That is not a complete list. We setup our DNS to return 127.0.0.1 for all of those hostnames, and Microsoft still found a way to do a forced update to MSIE10 that broke all of the Dell desktops running Windows in our office. We had to reimage all of Dells to get them running again. We found the IP addr Microsoft was using for their abuse and blocked it, but then about four months later Microsoft found another way to do yet another forced update and breaking of our desktops. Again, we had to reimage to get the systems to boot.

    Again, that list is not complete. If you block just those, Microsoft will still find a way to break your systems.

  • by Port-0 (301613) on Friday December 20, 2013 @01:08AM (#45743375)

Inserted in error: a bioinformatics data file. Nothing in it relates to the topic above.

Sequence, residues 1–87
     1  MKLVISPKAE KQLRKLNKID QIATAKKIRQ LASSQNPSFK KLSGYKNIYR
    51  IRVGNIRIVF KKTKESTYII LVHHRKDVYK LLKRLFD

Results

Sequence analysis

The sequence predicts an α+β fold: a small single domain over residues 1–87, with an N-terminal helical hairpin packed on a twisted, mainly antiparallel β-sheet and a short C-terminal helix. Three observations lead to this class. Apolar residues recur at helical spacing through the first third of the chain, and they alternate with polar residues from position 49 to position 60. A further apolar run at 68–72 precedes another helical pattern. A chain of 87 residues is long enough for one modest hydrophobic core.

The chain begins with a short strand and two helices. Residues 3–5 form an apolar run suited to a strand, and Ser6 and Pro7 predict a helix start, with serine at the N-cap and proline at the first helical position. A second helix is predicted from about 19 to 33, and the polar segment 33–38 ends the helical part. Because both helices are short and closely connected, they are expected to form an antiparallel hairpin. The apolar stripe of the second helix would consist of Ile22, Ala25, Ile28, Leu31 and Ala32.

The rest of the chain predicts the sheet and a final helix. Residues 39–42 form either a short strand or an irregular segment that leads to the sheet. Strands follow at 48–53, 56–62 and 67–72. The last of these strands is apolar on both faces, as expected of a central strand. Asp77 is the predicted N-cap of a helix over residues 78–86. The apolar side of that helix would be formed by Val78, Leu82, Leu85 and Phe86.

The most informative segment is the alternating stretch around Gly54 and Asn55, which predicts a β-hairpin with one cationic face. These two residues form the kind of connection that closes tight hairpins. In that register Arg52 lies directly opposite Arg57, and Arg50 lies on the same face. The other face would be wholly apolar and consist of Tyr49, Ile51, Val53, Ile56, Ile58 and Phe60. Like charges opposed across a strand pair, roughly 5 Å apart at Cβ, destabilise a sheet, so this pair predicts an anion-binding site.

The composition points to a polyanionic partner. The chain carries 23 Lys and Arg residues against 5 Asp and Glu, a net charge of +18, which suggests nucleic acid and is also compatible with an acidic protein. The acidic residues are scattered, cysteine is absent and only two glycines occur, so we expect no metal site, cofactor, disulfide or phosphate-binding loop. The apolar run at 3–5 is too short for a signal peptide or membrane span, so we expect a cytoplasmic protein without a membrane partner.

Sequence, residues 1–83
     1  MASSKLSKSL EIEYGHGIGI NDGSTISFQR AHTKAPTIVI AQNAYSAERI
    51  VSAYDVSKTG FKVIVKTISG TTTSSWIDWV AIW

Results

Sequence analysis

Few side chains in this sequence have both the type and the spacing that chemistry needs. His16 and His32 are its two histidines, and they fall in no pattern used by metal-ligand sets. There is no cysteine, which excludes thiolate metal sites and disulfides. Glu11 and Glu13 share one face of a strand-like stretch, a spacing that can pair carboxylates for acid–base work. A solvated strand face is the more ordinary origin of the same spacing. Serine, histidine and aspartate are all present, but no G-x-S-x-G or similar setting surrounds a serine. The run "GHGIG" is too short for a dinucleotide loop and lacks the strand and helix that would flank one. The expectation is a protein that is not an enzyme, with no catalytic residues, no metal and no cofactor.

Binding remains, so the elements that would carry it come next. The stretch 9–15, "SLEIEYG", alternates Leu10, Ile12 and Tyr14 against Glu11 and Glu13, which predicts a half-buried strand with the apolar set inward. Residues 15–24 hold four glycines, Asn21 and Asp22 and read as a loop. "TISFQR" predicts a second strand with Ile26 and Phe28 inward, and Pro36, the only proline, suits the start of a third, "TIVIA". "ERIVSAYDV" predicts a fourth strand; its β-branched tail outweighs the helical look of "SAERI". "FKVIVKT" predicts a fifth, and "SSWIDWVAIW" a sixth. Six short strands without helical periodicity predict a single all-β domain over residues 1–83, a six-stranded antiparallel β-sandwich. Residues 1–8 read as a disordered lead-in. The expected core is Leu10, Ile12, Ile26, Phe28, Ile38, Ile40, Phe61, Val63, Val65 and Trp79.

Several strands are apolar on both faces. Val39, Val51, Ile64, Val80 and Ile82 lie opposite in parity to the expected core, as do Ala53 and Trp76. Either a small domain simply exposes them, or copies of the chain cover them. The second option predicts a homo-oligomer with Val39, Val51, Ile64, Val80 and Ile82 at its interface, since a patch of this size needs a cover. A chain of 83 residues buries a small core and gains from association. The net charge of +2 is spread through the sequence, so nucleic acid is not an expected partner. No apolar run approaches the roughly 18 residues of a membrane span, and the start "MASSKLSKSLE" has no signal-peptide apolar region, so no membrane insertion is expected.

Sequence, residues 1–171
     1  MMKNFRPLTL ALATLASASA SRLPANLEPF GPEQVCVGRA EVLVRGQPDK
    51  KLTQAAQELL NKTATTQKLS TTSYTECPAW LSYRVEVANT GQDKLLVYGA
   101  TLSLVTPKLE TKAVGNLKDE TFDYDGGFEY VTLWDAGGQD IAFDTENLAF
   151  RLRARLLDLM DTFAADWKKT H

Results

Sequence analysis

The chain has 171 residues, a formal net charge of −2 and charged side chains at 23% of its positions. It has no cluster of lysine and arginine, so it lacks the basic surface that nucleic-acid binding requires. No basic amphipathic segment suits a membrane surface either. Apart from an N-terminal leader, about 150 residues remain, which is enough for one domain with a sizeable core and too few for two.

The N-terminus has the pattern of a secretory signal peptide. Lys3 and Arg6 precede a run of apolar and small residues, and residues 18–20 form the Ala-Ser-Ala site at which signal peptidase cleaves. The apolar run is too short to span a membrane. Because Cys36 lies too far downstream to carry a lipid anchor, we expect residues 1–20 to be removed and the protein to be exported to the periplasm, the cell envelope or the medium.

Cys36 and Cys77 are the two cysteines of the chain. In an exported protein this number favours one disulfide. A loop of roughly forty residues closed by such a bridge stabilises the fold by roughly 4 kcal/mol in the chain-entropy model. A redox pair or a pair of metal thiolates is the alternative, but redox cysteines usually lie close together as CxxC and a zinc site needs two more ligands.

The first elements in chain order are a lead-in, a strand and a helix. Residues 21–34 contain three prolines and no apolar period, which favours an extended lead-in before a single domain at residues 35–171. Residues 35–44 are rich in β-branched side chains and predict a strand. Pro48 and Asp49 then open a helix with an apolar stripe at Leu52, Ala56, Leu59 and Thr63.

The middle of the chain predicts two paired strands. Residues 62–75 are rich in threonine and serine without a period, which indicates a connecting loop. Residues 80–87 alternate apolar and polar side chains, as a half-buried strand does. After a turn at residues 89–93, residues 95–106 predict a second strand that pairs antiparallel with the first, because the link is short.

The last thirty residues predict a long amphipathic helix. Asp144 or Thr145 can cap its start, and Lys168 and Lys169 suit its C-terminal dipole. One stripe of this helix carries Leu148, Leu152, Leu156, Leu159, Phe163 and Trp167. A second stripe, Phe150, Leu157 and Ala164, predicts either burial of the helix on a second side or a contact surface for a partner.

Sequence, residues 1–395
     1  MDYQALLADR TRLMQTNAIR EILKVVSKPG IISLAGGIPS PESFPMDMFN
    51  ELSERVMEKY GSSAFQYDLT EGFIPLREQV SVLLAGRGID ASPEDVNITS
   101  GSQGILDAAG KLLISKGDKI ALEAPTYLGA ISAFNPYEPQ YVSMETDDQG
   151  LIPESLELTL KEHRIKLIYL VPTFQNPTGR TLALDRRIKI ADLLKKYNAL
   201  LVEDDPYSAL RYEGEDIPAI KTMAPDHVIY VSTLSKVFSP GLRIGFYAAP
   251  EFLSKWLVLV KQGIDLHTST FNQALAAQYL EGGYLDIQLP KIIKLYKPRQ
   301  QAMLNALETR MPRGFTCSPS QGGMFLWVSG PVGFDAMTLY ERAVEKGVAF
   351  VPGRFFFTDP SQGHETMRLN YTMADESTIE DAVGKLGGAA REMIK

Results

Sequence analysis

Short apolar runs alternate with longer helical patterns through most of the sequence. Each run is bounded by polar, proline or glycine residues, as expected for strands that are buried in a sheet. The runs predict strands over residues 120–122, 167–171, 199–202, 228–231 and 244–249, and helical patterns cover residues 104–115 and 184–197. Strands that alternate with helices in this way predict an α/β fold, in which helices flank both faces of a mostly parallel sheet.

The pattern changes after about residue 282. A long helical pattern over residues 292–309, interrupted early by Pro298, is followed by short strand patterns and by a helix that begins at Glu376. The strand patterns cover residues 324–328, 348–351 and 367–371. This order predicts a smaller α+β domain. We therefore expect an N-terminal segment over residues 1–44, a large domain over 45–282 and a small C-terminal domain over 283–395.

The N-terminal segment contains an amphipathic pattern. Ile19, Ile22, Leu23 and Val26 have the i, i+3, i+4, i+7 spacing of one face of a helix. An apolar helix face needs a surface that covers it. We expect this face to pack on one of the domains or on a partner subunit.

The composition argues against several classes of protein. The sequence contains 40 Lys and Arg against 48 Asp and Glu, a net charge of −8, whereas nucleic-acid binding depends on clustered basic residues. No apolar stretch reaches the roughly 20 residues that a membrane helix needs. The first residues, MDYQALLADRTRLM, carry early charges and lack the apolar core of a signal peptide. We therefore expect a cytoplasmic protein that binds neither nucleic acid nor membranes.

I did IT work for a private university for 14 years, I managed bandwidth by blocking certain protocols to various networks and hosts until Naptster, and the following peer to peer protocols, after a couple of years trying to manage bandwidth by blocking protocols, sites, advertising, etc. I gave up on that. Ultimately all of that damages the user's experience, and increased my work load. It puts the IT guy in the position of chasing the users behaviors, always responding to the latest fire and worse it put the IT guy in the position of determining what is important to the users, which it turns out is different to each class of user. So next I tried using one of the many products that allow the IT guy to create classes of users, and classify traffic, apply rules by class, build QoS rules based on all classes. Turns out this is the same nightmare with a prettier UI. I ultimately found the Net Equalizer (netequalizer.com) it is an elegant solution at a fraction of the cost. If you want to be the network nazi and control who uses what protocol, this isn't for you. But if you want to forget about bandwidth problems, this is it. It took about an hour to read the manual, play with options and plug it in, then I only touched it when we increased our bandwidth beyond its capacity a few years later. I don't work for the company or anything like that. It is just one device I bought that performed way beyond my expectations. Their web site has all the info about what it does and how. I would encourage everyone check this out if you have less bandwidth than you feel you need.